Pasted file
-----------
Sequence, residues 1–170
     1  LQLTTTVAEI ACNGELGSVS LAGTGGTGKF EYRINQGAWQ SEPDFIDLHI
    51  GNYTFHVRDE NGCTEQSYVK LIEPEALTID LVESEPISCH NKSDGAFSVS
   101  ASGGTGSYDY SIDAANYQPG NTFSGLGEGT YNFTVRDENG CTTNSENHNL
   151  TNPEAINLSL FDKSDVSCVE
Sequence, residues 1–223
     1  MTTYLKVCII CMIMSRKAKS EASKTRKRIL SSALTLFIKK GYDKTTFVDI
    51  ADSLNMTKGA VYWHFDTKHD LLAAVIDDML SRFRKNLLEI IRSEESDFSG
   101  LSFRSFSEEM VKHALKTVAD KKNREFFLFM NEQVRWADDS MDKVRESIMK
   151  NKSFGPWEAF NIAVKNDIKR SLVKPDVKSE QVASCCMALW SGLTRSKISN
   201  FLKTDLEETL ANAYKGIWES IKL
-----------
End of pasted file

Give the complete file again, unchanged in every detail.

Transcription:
Sequence, residues 1–170
     1  LQLTTTVAEI ACNGELGSVS LAGTGGTGKF EYRINQGAWQ SEPDFIDLHI
    51  GNYTFHVRDE NGCTEQSYVK LIEPEALTID LVESEPISCH NKSDGAFSVS
   101  ASGGTGSYDY SIDAANYQPG NTFSGLGEGT YNFTVRDENG CTTNSENHNL
   151  TNPEAINLSL FDKSDVSCVE
Sequence, residues 1–223
     1  MTTYLKVCII CMIMSRKAKS EASKTRKRIL SSALTLFIKK GYDKTTFVDI
    51  ADSLNMTKGA VYWHFDTKHD LLAAVIDDML SRFRKNLLEI IRSEESDFSG
   101  LSFRSFSEEM VKHALKTVAD KKNREFFLFM NEQVRWADDS MDKVRESIMK
   151  NKSFGPWEAF NIAVKNDIKR SLVKPDVKSE QVASCCMALW SGLTRSKISN
   201  FLKTDLEETL ANAYKGIWES IKL